Learn How to make a bot for Slack with node.js

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Why did the chicken cross the road?
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Slack is a very popular communication and collaboration tool for teams that’s used by many well known companies. Slack is a bit like IRC, but improved with better design and some very useful features, like file sharing, persistent history, and more. And much like IRC, Slack also supports bots.

Slack bots range from useful little helpers that make you more effective at your job, to bots that update you on sports and let you play silly little games. Visit the Slack App Directory to see more examples of bots that have been created for Slack.

In this tutorial, I will show you how to use node.js and Botkit to create your very own Slack bot. In the process, we are going to make a bot that knows a few jokes about chicken crossing the road 🙂

Getting set up
First, we will need to install node.js. You can follow the official download and installation guide for your particular operating system.

There is a few options when it comes to hosting your bot, but most of them are paid, starting at $5-7/month. This is not a bad price, and most services, like Heroku, have a limited free tier. But for this tutorial we are going to go with OpenShift, a cloud application development and hosting platform. OpenShift offers a limited free tier that puts your app to sleep if it gets no traffic for 24 hours, but you can upgrade to the free Bronze plan to avoid this limitation.

After you sign up for an OpenShift account, go ahead and create a new node.js app. You don’t need to change anything other than the Public URL for your project.

To be able to interact with your OpenShift project, you should also download the rhc command line tool.

With rhc installed, let’s run the following code to download our newly created node.js app:

Let’s also install Botkit, a node.js library for building Slack (and Facebook Messenger) bots.

Assuming you already created a new Slack team, log in as your team’s administrator and go to your Apps and integrations page. On the Custom Integrations tab click Bots, and then Add Configuration.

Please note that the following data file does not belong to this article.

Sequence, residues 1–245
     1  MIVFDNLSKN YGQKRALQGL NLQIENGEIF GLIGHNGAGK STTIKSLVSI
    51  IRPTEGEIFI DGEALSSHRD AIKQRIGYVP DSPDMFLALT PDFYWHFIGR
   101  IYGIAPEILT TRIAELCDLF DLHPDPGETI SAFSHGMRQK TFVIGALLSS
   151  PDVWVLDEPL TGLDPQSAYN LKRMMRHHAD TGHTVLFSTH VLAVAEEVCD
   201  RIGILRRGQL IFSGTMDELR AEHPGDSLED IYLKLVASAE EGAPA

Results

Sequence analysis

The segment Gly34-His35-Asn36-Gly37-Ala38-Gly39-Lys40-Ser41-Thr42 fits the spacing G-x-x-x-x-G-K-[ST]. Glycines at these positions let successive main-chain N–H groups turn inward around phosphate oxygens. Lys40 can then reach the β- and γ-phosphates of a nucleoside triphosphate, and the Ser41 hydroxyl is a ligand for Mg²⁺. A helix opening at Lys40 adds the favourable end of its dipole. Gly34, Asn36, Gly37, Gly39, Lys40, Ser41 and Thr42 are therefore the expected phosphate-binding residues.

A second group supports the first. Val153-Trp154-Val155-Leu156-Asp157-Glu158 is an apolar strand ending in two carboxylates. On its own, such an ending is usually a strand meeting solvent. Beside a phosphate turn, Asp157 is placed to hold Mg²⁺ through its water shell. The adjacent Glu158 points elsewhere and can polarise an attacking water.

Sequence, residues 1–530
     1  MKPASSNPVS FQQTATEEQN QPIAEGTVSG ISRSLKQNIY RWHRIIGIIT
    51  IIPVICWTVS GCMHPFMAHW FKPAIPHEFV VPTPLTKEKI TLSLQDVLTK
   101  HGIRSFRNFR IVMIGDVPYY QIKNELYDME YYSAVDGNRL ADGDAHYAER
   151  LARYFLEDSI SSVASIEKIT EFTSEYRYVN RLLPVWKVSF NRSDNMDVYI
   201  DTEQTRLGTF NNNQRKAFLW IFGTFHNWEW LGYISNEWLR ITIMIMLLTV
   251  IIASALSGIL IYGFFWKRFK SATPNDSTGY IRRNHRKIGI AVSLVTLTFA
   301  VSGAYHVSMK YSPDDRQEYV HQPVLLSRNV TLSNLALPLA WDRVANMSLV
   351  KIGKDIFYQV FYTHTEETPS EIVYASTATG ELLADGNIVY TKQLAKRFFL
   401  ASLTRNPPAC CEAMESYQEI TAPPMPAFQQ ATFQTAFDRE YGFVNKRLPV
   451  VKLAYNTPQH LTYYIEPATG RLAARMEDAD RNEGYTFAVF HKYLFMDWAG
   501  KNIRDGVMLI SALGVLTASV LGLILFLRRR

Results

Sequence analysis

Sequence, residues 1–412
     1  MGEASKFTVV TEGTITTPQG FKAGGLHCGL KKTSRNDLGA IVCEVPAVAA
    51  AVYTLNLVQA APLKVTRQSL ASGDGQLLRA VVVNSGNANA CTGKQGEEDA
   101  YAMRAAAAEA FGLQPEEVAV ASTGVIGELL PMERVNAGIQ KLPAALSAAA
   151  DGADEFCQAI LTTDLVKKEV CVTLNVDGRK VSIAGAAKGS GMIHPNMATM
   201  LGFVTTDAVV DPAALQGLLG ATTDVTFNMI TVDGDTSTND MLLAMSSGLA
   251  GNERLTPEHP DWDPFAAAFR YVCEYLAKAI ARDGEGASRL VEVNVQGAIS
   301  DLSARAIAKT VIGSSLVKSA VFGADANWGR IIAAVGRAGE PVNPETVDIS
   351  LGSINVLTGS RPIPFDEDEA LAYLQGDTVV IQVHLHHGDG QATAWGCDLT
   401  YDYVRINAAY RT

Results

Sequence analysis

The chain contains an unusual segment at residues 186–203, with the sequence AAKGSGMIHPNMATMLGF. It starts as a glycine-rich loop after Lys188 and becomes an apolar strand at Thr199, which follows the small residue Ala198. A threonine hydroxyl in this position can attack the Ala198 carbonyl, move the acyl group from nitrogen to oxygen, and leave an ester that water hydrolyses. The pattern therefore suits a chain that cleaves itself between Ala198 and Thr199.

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After you name your bot, you will receive your bot’s API Token. You will need to add this token to your OpenShift app like this:

If you want to also try running the bot from your local machine (you can use the command node server.js once you’re done with the updates below), you will have to set the environment variable on your computer as well.

I recommend looking up the instructions for your particular operating system. For example, on Linux, you could run the following command:

You can run rhc env list -a NAMEOFYOURNODEJSAPP to make sure the token was added correctly to your app. Once you confirm that, open the file server.js and replace the content of the file with following code:

Let me quickly go through the code and explain what each part does.

Loading node.js modules typically looks like this:

For some reason, this doesn’t seem to work with the current version of Botkit (0.2.0), hence the above solution.

The get_response() function returns a random element from an array of prepared responses. We are going to use these to reply to users asking it a question about chicken crossing the road.

You could also save these as a module and then require it, but for simplicity of this tutorial, I am doing it this way.

Here we are initializing the bot, and finally —

Now, save the server.js file and deploy your updated app.

And you’re done! Go and /invite your bot to a channel, and ask it why did the chicken cross the road 🙂

Your bot can do a lot more, of course! Check out the Botkit GitHub repo for documentation and relevant links, and also some examples of what other people made with Botkit.

One quick note: OpenShift seems to expect your app to run on the 8080 port and returns a failure otherwise. This is not really a big issue, though, as the bot will still run correctly.

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